Nadhim Zahawi and Jeremy Hunt knocked out of Tory leadership contest

A graphic shows the candidates in the Tory leadership election 2022 with Nadhim Zahawi and Jeremy Hunt greyed out

Nadhim Zahawi and former UK health secretary Jeremy Hunt have been eliminated in the first round of the Tory leadership race.

The results of the first votes for leader of the Conservative party were announced Wednesday (13 July). Hunt and Zahawi were knocked out of the running after failing to secure the 30 votes needed to proceed to the next round. 

Zahawi, who was made the Chancellor of the Exchequer last week, gained 25 votes, the Guardian reported. Hunt, a former foreign secretary, only secured 18. 

Rishi Sunak, the former chancellor, was the clear frontrunner in the Tory leadership race with a total of 88 votes. State and trade minister Penny Mordaunt was in second place with 67, and Liz Truss trailed behind with 50 votes. 

Kemi Badenoch, who resigned as junior equalities minister amid a mass exodus of Johnson’s government, got 40 backers. 

Tonbridge and Malling MP Tom Tugendhat managed to make it over the line with 37 backers while attorney general Suella Braverman barely crossed the line with 32 votes. 

Hunt thanked his “loyal and talented supporters” who put their faith in him in a statement on Twitter. He said his previous run in the 2019 leadership election was his “one big shot”, but he was hopeful there would be an “exciting future” for the Conservative party.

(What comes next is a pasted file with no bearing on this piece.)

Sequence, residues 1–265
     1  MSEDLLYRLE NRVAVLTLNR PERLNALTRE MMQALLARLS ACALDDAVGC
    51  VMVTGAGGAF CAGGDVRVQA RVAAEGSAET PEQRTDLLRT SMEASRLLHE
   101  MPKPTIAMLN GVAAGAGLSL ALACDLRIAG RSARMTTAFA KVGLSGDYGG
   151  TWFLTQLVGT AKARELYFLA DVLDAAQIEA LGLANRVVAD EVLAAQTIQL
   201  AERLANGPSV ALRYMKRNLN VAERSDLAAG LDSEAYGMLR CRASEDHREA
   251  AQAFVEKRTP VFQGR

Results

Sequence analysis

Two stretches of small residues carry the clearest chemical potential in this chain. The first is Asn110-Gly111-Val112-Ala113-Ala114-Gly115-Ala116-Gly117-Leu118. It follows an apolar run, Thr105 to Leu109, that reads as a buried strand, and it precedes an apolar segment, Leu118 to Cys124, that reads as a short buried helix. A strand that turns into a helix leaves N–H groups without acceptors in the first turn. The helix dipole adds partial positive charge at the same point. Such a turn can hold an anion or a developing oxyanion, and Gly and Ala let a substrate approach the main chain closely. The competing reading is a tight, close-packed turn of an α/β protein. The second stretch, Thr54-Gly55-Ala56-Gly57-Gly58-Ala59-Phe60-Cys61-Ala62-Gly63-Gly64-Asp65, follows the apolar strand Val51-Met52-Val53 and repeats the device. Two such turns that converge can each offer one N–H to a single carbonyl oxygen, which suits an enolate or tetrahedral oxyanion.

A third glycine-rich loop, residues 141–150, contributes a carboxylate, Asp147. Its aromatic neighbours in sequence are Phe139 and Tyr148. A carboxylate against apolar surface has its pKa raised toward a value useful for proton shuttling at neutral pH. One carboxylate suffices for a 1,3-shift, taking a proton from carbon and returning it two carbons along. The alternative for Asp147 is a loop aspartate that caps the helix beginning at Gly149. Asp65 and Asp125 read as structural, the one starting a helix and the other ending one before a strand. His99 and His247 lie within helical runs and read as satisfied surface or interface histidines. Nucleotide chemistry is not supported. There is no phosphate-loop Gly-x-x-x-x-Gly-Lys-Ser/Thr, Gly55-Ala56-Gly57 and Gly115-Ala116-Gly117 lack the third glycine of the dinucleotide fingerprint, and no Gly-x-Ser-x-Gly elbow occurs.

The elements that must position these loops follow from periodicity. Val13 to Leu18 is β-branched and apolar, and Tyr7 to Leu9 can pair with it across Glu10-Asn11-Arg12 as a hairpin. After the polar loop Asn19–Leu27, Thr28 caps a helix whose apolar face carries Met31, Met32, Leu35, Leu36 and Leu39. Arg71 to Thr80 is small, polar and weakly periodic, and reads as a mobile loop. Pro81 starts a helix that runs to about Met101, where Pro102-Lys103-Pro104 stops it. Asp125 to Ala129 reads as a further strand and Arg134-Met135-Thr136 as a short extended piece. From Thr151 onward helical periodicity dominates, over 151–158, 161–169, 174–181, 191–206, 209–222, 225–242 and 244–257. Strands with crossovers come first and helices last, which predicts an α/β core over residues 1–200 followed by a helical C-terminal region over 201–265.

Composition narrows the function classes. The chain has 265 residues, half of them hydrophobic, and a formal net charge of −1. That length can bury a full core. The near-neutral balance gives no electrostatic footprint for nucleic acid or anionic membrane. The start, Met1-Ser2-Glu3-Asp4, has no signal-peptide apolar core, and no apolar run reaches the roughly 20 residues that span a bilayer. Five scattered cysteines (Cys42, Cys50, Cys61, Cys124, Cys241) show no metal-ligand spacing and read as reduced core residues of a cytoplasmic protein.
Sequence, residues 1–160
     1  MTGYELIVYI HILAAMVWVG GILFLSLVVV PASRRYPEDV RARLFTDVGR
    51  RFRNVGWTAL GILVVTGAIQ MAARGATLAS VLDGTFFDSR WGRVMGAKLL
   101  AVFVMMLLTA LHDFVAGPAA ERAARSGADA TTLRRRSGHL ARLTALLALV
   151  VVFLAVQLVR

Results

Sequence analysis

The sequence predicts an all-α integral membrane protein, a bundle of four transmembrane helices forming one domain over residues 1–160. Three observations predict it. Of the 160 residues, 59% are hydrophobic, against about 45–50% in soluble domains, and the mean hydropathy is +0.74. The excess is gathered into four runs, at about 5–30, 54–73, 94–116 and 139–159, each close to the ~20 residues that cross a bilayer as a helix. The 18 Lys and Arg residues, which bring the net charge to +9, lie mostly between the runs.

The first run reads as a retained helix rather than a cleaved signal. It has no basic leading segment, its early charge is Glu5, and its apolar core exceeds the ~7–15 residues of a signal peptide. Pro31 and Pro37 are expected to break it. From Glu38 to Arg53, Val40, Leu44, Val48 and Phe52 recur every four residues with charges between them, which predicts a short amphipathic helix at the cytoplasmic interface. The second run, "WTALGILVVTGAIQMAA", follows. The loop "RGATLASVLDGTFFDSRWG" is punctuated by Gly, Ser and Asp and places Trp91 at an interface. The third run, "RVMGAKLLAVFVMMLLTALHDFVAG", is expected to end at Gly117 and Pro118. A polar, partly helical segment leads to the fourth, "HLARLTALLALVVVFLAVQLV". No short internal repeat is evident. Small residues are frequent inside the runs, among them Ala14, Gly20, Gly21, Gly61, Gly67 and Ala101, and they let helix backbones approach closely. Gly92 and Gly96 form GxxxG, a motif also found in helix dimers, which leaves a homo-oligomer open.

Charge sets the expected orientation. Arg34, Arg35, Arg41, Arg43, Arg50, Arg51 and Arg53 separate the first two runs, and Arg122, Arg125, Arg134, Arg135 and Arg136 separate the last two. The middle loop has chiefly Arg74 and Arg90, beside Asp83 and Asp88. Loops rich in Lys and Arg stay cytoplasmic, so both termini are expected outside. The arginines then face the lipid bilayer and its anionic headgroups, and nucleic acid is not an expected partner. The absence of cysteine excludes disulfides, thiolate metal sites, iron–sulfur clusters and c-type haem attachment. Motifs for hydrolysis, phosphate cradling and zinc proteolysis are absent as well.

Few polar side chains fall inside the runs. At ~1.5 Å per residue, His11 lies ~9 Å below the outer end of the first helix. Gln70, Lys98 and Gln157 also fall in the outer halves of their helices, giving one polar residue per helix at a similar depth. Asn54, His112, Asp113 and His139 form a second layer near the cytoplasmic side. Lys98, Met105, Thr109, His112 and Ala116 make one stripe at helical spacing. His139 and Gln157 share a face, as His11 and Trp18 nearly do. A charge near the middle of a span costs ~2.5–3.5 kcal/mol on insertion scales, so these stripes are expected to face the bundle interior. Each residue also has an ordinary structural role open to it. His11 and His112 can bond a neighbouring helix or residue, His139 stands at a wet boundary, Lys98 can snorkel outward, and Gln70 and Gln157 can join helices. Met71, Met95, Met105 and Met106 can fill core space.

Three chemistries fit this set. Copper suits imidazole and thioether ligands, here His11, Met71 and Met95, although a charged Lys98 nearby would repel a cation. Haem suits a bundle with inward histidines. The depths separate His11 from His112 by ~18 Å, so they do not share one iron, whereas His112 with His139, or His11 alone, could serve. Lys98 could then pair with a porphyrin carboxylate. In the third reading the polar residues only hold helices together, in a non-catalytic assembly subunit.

“Nevertheless, it’s clear that our party has an exciting future, with the amazing array of talent on offer in this contest, and I feel confident that we are on track to win back trust,” he wrote. 

He also advised the remaining contenders in the Tory leadership election that “smears” and “attacks” may “bring short term tactical gain but always backfire long term”. 

“The nation is watching & they’ve had enough of our drama; be the broad church & unbeatable, election winning machine that our country deserves,” Hunt said. 

Zahawi said in a statement on Twitter that it was clear his “part in the contest has now ended”. He vowed to place his “total focus” on his role as Chancellor of the Exchequer and “steward of the nation’s finances”. 

“I don’t wish to make any further intervention, but I wish all the candidates in the leadership contest the very best of luck!” he said, ending his statement. 

The remaining six candidates – who have rocky histories with their stances on LGBTQ+ rights – will face a second round of voting the Tory leadership election on Thursday (14 July), and the 358 Conservative MPs will continue a series of votes until a final two are left. 

The pair will face off against each other in a series of husting events around the country where they will set out their plans for the nation. Conservative party members will then pick the winner in a postal vote. Under the current rules, a new Tory leader will be announced by 5 September at the latest.